Long-time reader Matthew e-mails with more on political messages and messengers:
I was reading some of your post today. I have long ago given up having any interest in what Peggy Noonan writes. I do not know the context of the "he was only an actor" comment nor the point Sara Palin was trying to convey. However, there does seem to be a bit of sarcasm intwined with it. Pres. Reagan's critics call him only an actor but he was greater than that for many of the things you point out. When reading about his life one learns the truth about what a prolific student he was. I learned that Pres. Reagan had a fear of flying and during his time as presenter at GE he took trains and cars to make his speeches at various plants around the county. This gave him time to think, plan, and read.
I recently finished the book "The Education of Ronald Reagan" by Thomas Evans and found it to be very educational and enlightening. I do not remember how I obtained this copy, but it must have been part of an Amazon book binge. While the main subject was Pres. Reagan, it seemed to me the back story held greater weight. It talked about the struggle of Labor and its leaders against the free market ideal. It talked struggle America had the intrusion of Socialist ideology into these struggles through the effective tactics of the labor leadership. Because in the beginning, Reagan thought himself to be a FDR Democrat. With his exposure to GE and the tutelage of Lemuel Boulware and his philosophy, he went on to became a conservative and a Goldwater supporter as shown in "the Speech." He learned the ability to go over the heads of opponents and speak directly to those in power. That was how he obtained his victories for SAG, over Congress and in defeating the USSR.
The following quote [from Noonan's column] seems to be a cogent description of the current chief executive in the White House.
"Here is an old tradition badly in need of return: You have to earn your way into politics. You should go have a life, build a string of accomplishments, then enter public service. And you need actual talent: You have to be able to bring people in and along. You can't just bully them, you can't just assert and taunt, you have to be able to persuade."
The Tea Party movement made great accomplishments this past election day and had some pointed setbacks. They will still face opposition from the party establishments and major news media outlets. The struggle has not ended but just begins. Continuing education of one's self and with others must be an ongoing event. With their calls for a return to more traditional constitutional government, they will need to turn from one of "seeming" rhetoric to expressed moments of knowledge. I think it would be most disturbing to those in power and in opposition to hear someone correctly quote the Federalist. Will we see signs Fed. 84, Par. 2, for example? Or quotes from other founding sources? There are those in opposition to the "unwashed" tea party movement that think that understanding the reasons for this country's Constitution are irrelevant. To introduce a strict understanding of the document is irrelevant, that the words of the past have little bearing on today's situations.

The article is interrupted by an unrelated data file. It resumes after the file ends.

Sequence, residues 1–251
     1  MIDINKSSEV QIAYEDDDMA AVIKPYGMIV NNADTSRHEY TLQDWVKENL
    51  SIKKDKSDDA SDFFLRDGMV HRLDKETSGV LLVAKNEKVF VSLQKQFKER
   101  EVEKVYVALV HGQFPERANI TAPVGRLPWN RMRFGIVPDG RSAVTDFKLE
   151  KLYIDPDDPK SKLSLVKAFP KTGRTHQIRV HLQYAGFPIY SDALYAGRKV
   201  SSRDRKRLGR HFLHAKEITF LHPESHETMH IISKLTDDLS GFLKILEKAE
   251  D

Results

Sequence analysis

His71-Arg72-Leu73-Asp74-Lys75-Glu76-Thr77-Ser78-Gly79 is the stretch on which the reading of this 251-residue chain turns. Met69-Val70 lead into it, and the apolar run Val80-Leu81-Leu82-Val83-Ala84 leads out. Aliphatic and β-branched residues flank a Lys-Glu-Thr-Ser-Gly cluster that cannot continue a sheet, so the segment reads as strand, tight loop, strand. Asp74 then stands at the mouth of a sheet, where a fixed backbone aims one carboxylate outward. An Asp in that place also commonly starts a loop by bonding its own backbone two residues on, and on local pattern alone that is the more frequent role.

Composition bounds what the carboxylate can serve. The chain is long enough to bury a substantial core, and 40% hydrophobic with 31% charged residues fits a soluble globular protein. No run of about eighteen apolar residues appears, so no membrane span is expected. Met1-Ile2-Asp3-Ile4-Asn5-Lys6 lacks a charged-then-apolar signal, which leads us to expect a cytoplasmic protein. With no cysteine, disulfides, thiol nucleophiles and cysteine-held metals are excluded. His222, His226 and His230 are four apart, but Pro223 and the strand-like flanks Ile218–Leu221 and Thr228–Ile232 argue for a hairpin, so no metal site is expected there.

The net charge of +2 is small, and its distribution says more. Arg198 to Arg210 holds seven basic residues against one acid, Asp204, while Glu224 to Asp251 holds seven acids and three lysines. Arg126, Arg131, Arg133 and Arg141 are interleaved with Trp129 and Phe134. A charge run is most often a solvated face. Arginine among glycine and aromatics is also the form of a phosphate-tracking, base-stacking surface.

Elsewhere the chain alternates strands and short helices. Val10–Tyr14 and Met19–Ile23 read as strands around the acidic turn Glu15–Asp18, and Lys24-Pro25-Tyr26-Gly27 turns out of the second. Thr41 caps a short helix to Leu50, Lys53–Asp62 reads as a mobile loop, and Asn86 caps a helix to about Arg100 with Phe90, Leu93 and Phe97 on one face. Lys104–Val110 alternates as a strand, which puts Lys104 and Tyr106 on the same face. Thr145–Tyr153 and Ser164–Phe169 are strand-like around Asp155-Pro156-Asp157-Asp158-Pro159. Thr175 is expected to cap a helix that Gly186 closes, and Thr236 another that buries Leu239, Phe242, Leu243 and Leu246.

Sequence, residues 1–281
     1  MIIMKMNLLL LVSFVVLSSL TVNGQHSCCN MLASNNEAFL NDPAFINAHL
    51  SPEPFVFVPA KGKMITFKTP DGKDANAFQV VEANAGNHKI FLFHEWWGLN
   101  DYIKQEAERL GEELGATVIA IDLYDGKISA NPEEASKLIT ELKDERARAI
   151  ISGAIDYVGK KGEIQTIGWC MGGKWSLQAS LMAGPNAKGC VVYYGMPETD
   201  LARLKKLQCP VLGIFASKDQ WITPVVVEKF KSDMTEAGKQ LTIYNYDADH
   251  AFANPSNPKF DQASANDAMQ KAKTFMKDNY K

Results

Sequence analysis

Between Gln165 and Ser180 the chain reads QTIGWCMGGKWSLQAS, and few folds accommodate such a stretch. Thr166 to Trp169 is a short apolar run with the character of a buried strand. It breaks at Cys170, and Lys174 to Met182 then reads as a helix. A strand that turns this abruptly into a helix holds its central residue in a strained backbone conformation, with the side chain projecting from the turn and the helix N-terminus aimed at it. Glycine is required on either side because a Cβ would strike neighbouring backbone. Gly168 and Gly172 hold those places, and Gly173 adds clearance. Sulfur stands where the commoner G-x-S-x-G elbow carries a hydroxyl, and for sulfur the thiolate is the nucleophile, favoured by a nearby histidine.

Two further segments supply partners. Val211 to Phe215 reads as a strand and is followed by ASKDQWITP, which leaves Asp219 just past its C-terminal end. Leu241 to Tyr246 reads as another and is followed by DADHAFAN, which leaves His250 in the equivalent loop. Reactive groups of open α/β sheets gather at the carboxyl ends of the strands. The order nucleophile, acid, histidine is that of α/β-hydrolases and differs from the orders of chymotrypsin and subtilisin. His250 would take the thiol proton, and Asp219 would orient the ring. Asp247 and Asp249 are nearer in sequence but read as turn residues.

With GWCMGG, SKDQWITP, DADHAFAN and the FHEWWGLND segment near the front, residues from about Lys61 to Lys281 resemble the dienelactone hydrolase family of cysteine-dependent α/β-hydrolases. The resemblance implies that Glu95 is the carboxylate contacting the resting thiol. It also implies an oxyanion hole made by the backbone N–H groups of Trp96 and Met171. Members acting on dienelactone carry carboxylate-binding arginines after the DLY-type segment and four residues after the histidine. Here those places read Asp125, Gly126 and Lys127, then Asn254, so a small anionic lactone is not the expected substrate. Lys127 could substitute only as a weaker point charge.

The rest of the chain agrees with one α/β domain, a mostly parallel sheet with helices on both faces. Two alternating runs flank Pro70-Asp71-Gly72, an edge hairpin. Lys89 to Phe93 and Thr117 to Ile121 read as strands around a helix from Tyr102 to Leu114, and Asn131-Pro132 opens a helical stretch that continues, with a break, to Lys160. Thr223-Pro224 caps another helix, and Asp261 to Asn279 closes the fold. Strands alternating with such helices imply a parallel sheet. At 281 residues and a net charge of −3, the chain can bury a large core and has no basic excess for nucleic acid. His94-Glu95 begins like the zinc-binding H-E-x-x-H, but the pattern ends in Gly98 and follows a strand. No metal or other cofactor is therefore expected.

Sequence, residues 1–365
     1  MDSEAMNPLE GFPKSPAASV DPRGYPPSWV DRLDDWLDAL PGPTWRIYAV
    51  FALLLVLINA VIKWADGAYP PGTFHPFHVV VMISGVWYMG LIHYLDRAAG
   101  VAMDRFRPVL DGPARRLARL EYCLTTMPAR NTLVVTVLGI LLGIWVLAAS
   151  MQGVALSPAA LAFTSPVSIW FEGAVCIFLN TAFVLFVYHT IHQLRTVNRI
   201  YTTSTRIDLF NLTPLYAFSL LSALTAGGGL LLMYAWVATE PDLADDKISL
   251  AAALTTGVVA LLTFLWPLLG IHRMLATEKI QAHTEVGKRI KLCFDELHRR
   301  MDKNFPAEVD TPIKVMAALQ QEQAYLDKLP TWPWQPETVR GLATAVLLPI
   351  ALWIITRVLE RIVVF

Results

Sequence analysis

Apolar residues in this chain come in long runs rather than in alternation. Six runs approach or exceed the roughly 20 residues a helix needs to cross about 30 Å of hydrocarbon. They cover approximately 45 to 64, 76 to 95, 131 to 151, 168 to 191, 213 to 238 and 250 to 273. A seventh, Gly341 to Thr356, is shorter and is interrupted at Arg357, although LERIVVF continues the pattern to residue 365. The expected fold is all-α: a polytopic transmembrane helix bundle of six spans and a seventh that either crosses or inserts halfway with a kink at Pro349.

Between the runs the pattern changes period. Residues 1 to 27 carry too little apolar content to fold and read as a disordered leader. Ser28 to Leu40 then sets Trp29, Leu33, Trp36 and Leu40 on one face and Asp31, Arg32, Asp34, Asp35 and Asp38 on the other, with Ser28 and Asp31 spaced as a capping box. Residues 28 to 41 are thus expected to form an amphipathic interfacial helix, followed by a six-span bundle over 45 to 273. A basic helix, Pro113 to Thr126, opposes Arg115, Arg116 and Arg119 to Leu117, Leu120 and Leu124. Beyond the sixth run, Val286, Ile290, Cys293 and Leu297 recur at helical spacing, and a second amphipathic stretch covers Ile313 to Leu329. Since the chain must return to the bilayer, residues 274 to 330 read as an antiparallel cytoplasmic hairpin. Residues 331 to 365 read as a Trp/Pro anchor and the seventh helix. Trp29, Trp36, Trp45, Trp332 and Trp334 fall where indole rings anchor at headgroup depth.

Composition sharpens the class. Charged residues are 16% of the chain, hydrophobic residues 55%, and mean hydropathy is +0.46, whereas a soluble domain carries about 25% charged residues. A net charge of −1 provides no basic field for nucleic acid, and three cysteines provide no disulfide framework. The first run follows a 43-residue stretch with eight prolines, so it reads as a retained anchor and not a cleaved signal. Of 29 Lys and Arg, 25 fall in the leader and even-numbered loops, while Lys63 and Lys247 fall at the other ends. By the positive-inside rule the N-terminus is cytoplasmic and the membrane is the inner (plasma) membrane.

The condition of man has not changed over time, so I would reject that argument. Also, Raul Berger's book "The Fourteenth Amendment and the Bill of Rights" argues that the Constitution has been perverted and/or misconstrued through this logic and endangers us to eventually eroding those freedoms we inherently enjoy. In particular, the Warren court was a major element along these road.
But I must make a cautionary note. The Founding Fathers were equally perplexed as to the true meaning of the Constitution and how it was to be implemented then as we see today. One example was the debate of Pres. Washington's Neutrality Declaration as in "The Pacificus-Helvidious Debates of 1793-94." But they discussed what were the limits of Federal power and the balance between the two major branches of government.
I hope those that call themselves Tea Partiers will go on to read more than contemporary political books such as Glen Beck, Jason Lewis, Mark Levin, Amity Schlaes, etc. but to reach into the Bibliographies and find the sources of these ideals from John Adams, Hamilton, Smith, von Mises, and a personal favorite, Benjamin Anderson's "Economics and the Public Welfare." For Ronald Reagan, it it not important to read the narrative of his life. It would be more important to read and understand what he obtained strength from. What caused him to think and believe in what he did. And why.
Ronald Reagan was who he was not just from being an actor and reciting lines. He was a man who educated himself with guiding of others. For us it is important to understand the message and to distinguish what the messenger says and what the word used mean. And it must be based on a solid foundation from which we can compare and examine. In times of great turmoil a messenger may come and distort and pervert meanings to serve malevolent purposes or create change that is undesirable for the long term health of the country. And so we may elect someone who is without depth and value. Or, we may have a message of great import, but loose it on the wind or tide of denial because it lacked the rudder of a good pilot to steer it home. I do not see a current crop of available messengers with a the right message appearing for the 2012 election at this time.
Unfortunately, neither do I. The key words however are "at this time." I still harbor hope that a candidate with the proper combination will emerge in time for the 2012 election.